5. Low levels of the ‘sunshine vitamin’ have also been linked to a worsening of asthma symptoms, according to major research at King’s College London. Scientists found that vitamin D helped calm an over-active area of the immune system associated with asthma. Meanwhile, a recent US study discovered that people who live in sunnier climates have a significantly lower risk of developing rheumatoid arthritis: researchers speculated this may be due to the protective qualities offered by vitamin D.
And if that isn’t compelling enough, consider the Blue Zones, defined as ‘a demographic and/or geographic area of the world where people live marginally longer lives’ (Source: Wikipedia). The five blue zones are as follows: The Italian island of Sardinia, Okinawa in Japan, Loma Linda in California, Costa Rica’s isolated Nicoya Peninsula, and Ikaria, an isolated Greek island. The people in each of these blue zones easily reach 90 to 100 years old, not only living longer, but also living healthier — without medication or disability. The researchers found that the secret came down to a lifestyle that includes a healthy diet, daily exercise, and a low-stress life.
Dan Buettner, in his book Blue Zones: Lessons For Living Longer From The People Who’ve Lived The Longest, distills the powerful yet practical lessons to living longer in what he calls The Power 9; these are:
1. Keep Moving. Find ways to move naturally, using fewer labor-saving devices.
2. Find Purpose. And pursue it with passion.
3. Slow Down. Work less, rest, and take more vacations.
4. Stop Eating … when you’re 80% full.
5. Dine On Plants. Eat more veggies and less processed food and meat.
6. Drink Red Wine. Do it consistently, but in moderation.
7. Join A Group. Create a healthy social network.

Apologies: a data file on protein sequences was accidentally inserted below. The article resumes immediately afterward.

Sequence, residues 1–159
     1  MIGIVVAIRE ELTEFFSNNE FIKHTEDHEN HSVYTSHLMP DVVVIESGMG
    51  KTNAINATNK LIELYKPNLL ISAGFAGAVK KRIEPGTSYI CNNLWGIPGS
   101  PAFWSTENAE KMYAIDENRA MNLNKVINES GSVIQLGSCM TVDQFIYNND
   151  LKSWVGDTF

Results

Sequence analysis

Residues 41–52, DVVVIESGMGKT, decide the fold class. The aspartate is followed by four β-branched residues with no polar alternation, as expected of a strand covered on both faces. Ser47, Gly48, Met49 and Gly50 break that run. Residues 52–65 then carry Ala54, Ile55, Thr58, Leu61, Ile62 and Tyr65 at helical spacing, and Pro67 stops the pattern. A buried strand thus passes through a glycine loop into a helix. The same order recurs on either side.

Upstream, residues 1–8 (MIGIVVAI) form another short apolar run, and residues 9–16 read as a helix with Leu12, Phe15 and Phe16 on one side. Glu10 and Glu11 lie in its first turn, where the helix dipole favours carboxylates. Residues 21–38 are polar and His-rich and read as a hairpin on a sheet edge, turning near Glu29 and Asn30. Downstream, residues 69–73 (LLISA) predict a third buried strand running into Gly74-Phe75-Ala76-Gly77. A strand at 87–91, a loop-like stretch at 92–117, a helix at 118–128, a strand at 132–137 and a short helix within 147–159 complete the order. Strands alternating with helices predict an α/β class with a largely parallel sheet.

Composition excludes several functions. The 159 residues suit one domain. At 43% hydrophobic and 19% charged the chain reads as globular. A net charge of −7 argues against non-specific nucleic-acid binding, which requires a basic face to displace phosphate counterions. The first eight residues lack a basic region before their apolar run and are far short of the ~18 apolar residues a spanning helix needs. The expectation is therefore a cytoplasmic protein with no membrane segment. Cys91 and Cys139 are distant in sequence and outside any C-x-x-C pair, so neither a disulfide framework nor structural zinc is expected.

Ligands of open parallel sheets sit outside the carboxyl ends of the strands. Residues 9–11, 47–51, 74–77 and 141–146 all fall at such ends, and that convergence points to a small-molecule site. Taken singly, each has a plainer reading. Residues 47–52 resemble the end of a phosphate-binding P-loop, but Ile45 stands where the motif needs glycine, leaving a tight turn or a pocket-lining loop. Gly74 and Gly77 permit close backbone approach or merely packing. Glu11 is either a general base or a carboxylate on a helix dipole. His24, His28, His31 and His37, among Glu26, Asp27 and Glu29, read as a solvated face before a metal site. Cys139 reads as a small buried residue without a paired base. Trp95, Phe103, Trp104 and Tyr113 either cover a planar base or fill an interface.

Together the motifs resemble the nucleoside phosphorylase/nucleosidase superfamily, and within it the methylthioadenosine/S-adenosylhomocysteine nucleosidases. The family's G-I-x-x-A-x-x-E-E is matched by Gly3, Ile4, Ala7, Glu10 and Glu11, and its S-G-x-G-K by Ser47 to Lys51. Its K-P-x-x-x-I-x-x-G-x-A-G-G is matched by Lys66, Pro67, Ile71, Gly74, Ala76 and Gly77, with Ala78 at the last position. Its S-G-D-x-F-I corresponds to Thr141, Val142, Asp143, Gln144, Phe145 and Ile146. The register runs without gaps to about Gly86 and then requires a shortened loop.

8. Feed Your Soul. Engage in spiritual activities.
9. Love Your Tribe. Make family a high priority.
The study makes no mention of treadmills, oxygen chambers, or food dehydrators. I’m willing to wager that the people who live in the blue zones spend less time on Facebook and Instagram than the average person spends outdoors.
So, what’re we all waiting for? Get outside!
And don’t let anyone tell you that trail running and mountain biking are more dangerous than their road counterparts. Those well-intentioned dissuaders probably never even set foot in a sandbox in their lives. You’re more likely to twist your ankle stepping off a poorly constructed parking lot step (as I did a few years ago) or suffer a collapsed lung as a result of blunt forced trauma from a tricycle (me, again) than sustain an off-road injury. But always exercise caution. As my coach says when mountain biking: When in doubt, dismount.
With the proliferation of gadgetry and its near-indispensability to some members of society, it wouldn’t surprise me if there will come a time when children are enrolled in summer courses that include instruction on playing basic street games such as patintero and tumbang preso, and field trips that expose them to more unrefined experiences like running barefoot on grass, climbing trees, and catching dragonflies.
Facebook is the devil’s work. I say that with all sobriety. It’s a vice that’s in a class entirely of its own, above even illegal drugs, fantasy sports leagues, and cockfighting. It amazes me how much I can get done in the same time it takes to scan Facebook. Okay, so maybe I don’t just scan. There are moments when I just check myself and realize that I’ve spent too much time looking at pictures of Facebook friends enjoying trail runs and rides, when I could and should be doing those very things myself.
Anybody have plans to stare at their phones somewhere exciting this weekend?